Do you let your writing walk all over your personality?

Writing guides like me always preach that you should write as you speak, whoever you are. But often there are big-bully barriers that get in your way, making your writing dull, long-winded and not like the real you at all.

Does your writing walk all over your personality?

Here’s how to get over those barriers to achieve fluent writing that sounds like the you, and to make sure it never walks all over you again.

You feel you have to reflect the importance of your job

There’s no reason why what you write should be any different from the way you speak to your colleagues, staff, customers or clients, stakeholders, etc., when you’re in a relatively informal meeting with them.

Provided that you’re confident in yourself, your skills and talent, those will shine through in your writing without your needing to resort to long words and pompous phrasing. Keep it simple, have some faith, and your readers will hear your voice coming through those words.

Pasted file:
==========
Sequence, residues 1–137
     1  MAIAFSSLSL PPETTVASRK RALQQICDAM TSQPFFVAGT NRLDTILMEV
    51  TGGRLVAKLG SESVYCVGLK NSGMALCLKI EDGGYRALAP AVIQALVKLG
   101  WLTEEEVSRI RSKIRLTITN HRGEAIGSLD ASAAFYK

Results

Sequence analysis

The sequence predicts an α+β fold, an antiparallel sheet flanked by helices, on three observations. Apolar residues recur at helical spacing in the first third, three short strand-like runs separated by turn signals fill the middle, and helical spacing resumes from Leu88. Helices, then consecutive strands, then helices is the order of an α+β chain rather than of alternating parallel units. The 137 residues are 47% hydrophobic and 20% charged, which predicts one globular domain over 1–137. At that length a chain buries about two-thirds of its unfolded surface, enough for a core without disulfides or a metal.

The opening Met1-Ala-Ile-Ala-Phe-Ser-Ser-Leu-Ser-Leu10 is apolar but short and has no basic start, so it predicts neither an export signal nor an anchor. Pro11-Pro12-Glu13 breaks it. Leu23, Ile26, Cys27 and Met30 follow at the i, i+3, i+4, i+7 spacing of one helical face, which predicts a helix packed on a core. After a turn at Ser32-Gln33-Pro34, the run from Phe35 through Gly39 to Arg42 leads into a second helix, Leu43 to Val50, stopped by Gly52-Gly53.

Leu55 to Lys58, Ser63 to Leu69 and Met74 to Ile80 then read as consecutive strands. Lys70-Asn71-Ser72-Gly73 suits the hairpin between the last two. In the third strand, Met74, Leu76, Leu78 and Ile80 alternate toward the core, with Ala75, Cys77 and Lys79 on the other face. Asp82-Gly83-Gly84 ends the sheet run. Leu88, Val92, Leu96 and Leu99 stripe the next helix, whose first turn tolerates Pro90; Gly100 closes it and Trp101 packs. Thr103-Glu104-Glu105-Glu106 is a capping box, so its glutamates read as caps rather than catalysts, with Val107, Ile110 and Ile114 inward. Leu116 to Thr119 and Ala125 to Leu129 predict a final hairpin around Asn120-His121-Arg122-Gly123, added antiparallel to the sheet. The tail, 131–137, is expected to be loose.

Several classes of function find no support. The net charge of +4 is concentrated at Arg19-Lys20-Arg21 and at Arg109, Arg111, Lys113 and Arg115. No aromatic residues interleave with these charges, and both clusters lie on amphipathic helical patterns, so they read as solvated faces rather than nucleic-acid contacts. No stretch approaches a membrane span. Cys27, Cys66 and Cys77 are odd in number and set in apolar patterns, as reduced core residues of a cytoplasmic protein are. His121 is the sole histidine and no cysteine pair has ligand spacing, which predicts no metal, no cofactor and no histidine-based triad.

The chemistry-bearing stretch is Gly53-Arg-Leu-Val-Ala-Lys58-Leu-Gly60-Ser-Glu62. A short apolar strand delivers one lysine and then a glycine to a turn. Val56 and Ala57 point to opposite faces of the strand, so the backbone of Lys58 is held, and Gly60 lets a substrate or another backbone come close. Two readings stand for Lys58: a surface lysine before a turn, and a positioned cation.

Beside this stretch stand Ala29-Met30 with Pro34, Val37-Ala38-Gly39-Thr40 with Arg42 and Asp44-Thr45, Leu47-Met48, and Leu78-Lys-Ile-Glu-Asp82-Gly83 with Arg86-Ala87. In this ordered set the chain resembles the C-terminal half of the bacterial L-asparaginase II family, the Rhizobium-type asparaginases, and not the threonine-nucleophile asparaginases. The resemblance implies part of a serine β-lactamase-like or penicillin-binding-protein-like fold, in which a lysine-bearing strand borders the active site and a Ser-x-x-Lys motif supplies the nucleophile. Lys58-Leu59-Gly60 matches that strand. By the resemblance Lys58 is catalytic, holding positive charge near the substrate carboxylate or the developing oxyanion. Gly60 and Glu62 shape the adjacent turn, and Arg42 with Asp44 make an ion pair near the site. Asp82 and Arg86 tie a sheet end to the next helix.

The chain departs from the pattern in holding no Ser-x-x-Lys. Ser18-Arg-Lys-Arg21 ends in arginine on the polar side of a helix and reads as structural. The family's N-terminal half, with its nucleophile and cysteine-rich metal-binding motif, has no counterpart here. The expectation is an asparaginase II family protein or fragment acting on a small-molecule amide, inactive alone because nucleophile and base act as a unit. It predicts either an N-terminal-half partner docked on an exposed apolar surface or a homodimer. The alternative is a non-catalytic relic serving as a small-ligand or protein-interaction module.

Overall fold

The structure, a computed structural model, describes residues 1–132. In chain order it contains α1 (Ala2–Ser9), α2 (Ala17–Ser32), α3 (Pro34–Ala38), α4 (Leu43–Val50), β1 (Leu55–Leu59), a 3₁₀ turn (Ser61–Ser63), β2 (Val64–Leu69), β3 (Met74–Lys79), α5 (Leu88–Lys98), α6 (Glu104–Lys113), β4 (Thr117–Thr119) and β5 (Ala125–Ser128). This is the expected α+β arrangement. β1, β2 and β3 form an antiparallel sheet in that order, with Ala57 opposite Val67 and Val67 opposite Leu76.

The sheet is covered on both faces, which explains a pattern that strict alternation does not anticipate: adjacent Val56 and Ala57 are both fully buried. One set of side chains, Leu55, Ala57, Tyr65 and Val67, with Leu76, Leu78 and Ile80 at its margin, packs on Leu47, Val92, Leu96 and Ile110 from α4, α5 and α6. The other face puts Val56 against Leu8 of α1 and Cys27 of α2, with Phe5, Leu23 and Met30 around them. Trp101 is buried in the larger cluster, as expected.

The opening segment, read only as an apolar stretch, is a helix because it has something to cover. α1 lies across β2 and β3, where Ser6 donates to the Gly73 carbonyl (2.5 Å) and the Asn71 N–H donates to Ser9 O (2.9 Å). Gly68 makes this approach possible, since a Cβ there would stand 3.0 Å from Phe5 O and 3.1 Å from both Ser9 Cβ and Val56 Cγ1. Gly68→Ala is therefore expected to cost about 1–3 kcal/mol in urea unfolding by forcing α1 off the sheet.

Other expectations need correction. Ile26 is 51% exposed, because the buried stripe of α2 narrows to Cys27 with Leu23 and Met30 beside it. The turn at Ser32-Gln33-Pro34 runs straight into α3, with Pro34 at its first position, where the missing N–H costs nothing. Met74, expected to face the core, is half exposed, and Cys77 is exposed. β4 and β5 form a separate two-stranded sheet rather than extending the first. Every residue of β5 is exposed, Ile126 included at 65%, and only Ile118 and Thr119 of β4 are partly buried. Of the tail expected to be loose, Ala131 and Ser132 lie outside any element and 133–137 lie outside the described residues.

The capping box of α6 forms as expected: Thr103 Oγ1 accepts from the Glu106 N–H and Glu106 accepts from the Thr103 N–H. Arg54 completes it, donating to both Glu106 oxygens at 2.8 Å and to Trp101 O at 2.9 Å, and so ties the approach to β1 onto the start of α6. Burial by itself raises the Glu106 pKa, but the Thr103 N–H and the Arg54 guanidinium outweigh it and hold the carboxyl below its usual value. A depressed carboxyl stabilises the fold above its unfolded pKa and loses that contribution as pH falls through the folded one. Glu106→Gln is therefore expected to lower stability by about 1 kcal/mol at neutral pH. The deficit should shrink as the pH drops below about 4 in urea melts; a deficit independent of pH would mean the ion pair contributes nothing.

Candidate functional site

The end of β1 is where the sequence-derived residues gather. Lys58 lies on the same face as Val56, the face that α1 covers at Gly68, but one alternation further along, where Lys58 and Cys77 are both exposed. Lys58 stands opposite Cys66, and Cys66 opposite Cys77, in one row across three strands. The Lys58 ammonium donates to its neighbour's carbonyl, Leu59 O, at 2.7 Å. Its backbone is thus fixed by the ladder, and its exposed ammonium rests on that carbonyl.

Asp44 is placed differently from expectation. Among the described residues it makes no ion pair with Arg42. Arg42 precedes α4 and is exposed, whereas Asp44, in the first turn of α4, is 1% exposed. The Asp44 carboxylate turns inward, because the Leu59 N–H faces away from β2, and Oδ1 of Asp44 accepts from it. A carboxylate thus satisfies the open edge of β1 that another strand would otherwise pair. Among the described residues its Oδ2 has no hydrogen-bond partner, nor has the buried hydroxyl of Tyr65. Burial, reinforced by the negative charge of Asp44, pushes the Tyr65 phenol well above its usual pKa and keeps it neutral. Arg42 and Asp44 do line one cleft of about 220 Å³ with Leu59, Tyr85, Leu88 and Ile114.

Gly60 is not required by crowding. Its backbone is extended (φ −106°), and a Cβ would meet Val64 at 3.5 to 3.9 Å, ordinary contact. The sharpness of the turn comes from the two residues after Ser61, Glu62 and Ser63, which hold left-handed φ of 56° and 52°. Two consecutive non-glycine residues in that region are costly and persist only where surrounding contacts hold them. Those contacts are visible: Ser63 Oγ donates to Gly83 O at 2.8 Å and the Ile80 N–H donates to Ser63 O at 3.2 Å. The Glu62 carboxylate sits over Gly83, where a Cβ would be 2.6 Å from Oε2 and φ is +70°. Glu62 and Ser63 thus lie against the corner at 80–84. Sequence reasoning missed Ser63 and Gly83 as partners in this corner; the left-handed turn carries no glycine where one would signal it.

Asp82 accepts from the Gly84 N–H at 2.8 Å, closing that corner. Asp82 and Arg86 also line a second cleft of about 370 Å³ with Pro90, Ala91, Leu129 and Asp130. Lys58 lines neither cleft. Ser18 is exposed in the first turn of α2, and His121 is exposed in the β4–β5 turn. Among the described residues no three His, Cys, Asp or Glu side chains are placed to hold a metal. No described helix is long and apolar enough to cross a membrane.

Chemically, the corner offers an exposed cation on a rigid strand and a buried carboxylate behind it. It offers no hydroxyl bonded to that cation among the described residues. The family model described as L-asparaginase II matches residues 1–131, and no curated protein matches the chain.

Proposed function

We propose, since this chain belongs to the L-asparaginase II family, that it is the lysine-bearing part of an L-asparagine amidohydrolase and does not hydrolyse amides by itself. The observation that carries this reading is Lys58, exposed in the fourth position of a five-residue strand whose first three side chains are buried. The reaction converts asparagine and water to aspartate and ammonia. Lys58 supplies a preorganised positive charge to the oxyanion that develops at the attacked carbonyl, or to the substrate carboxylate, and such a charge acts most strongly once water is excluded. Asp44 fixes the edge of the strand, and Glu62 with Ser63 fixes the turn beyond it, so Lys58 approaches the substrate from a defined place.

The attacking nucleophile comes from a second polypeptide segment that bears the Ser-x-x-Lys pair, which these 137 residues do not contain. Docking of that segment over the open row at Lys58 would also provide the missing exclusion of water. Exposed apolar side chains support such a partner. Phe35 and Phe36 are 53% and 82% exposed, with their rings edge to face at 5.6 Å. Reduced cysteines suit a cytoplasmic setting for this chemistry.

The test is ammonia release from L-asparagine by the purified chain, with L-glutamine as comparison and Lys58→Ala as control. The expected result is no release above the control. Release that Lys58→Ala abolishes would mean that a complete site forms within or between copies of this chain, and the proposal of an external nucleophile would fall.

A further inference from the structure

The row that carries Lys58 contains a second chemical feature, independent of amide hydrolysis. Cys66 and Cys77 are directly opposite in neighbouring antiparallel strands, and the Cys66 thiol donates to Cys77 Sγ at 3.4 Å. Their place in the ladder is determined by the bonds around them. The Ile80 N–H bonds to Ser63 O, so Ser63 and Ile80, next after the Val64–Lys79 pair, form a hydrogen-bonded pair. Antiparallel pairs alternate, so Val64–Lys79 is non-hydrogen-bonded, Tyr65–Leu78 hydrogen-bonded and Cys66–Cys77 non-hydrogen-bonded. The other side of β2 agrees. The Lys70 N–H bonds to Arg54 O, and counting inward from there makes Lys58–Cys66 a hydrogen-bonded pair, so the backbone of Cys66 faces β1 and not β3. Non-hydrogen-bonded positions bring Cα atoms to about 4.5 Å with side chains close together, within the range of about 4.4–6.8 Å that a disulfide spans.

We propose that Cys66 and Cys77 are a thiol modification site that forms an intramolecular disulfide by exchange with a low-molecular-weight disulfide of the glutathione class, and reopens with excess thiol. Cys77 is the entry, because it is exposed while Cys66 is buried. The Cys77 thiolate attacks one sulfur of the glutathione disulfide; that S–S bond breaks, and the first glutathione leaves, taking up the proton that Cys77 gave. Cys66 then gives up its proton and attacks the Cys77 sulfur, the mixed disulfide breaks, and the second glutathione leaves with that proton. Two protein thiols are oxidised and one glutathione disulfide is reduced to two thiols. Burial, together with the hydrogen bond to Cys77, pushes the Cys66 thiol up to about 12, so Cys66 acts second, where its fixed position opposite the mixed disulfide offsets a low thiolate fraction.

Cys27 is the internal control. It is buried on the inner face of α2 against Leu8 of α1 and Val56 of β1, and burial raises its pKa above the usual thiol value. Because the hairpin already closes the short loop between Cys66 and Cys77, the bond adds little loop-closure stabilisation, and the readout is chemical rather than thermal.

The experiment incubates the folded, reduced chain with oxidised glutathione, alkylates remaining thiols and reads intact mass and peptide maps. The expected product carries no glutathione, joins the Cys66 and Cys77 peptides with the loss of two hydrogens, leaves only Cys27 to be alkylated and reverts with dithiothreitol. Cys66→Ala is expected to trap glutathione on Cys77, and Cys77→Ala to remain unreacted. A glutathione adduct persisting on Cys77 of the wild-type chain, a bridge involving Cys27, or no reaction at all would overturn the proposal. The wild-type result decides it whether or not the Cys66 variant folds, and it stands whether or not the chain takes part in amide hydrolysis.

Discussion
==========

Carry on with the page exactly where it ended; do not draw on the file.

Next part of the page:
You’re not too sure exactly what it is you want to express

Another thing we pro writers often admit is that once we get writing, we often delete the first paragraph because that was us just “warming up” before we really got to the point. It’s not just pro writers; everyone does that, especially when they haven’t really decide a) what they want to say or b) how to go about saying what they need to say.

By all means, take all your time to “warm up” with your writing, but be brave enough to go back with a hatchet and chop out the early sentences where you were getting the car running and the oil circulating smoothly around the motor.

You’re hampered by the need to use conventional structure and wording